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LITTLE COTTONWOOD CANYON — The lake effect from the Great Salt Lake means Little Cottonwood Canyon gets more fresh powder annually than anywhere else in the lower 48 states — a statistic that makes the road through the canyon one of the most treacherous in the country.
Add the tricky, avalanche-prone terrain to the more than 500 inches on average picked up every year at Alta and Snowbird, and you can see why people who live in the canyon are so grateful to see the plows coming.
- On average, Utah experiences 25-40 winter storms annually
- UDOT's snow team includes 503 full-time plow drivers
- 499 snowplow trucks, 11 self-propelled snowblowers and 4 TowPlows statewide
- 18,000 lane miles of roadway for which crews are responsible
- 79 primary maintenance stations (staging areas) throughout Utah
The Utah Department of Transportation plow drivers who keep that road clear are among the best of the best — one reason they were featured in the Discovery Channel’s reality series “Snow Men.”
George Priskos, supervisor of the Cottonwood sheds for UDOT, said there’s no such thing as “typical” in Little Cottonwood Canyon.
“Every storm is different, with the winds that they get up there and the amount of snow. There is no such thing as a typical storm,” Priskos said. “Everything is unique.”
Priskos’ crew applies a different grade of salt in the canyons than on the valley floor — a red salt provided by Redmond (makers of Real Salt), which is coarser and grips the road better.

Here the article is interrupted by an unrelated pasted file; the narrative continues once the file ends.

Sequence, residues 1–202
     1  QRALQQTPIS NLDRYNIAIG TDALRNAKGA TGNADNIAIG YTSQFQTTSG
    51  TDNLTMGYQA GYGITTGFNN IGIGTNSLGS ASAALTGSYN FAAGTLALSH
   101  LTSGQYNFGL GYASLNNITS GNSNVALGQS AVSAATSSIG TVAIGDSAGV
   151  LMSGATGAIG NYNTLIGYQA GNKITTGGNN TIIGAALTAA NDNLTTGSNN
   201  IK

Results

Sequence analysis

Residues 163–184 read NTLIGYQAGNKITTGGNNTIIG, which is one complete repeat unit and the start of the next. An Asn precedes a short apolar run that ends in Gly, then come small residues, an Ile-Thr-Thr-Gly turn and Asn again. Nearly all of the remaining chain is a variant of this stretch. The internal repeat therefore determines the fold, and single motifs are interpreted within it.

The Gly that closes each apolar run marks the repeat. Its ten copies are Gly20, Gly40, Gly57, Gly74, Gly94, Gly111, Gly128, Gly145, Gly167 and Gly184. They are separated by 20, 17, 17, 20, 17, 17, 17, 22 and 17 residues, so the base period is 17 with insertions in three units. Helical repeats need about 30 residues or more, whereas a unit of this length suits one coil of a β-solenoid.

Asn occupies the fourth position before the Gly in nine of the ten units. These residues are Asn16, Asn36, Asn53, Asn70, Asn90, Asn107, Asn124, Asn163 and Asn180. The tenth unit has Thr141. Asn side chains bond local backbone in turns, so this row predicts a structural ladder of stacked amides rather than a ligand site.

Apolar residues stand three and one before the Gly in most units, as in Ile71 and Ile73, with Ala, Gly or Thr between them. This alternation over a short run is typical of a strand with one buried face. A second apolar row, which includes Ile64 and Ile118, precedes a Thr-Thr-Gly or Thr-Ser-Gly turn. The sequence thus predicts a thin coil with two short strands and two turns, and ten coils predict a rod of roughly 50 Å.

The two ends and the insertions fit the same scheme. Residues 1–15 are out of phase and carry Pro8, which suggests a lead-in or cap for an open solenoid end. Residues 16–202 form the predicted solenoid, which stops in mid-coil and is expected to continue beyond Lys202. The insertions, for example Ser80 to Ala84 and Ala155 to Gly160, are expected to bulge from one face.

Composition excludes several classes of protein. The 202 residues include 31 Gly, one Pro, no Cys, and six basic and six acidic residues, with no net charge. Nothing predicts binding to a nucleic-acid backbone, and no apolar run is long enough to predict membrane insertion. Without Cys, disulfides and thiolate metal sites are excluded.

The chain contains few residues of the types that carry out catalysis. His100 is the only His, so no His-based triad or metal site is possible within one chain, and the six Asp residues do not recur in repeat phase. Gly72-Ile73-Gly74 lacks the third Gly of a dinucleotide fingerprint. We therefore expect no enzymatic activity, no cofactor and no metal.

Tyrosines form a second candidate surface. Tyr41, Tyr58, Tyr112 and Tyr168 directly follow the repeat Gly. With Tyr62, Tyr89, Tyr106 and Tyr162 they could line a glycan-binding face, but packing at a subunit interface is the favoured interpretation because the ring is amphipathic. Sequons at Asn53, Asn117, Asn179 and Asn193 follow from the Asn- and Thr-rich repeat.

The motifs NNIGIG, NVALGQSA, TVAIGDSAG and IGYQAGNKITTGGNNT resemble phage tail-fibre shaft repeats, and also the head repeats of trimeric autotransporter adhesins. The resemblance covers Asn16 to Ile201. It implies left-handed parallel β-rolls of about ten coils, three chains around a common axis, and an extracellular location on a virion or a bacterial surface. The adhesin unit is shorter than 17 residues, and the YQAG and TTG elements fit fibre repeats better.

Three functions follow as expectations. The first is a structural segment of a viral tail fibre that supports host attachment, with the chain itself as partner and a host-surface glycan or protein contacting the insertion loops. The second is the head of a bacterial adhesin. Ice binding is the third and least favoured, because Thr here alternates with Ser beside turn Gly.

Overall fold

No complaints from the town of Alta.
“That highway is the lifeblood of our community up here,” Mayor Tom Pollard said.
Alta only has 380 permanent residents, according to the most recent census, but on a “fresh powder day” — once a big storm clears out, that population grows by about 10 times.
“The greatest snow on earth is really true up here, and on a day when we get a large amount of new snowfall, the appeal to get up here is even greater,” Pollard said.
It takes a small army of people to make that happen, between Priskos and his crew of UDOT plow drivers, avalanche control experts, forecasters and first responders — from Unified police personnel making sure the vehicles entering the canyon are equipped for the weather to the firefighters who help drivers like Shawn Wright dig out when they’re caught in a slide.
That danger is high enough that every driver is required to wear an avalanche beacon in Little Cottonwood Canyon. Priskos says sooner or later, it happens to every driver.
“It’s kind of a wait situation to see,” Priskos said, “because you don’t want to put anybody else’s life in danger. As long as you’re in your truck and you have your beacon, you’re secured and they’ll get to you as soon as possible.”
He added, “The avalanche guys are very good at what they do.”
Slides or not, Wright wouldn't trade his job for any other.
“(It’s) something you don’t get to do,” Wright said as he recently drove his plow up the canyon to clear the road. “Four o’clock in the morning up here, you’re going through — you know, the average is a foot to two feet of snow with no tracks. It’s pretty neat up here, that’s for sure.”
For some like Wright, dealing with the greatest snow on earth is the greatest job on earth.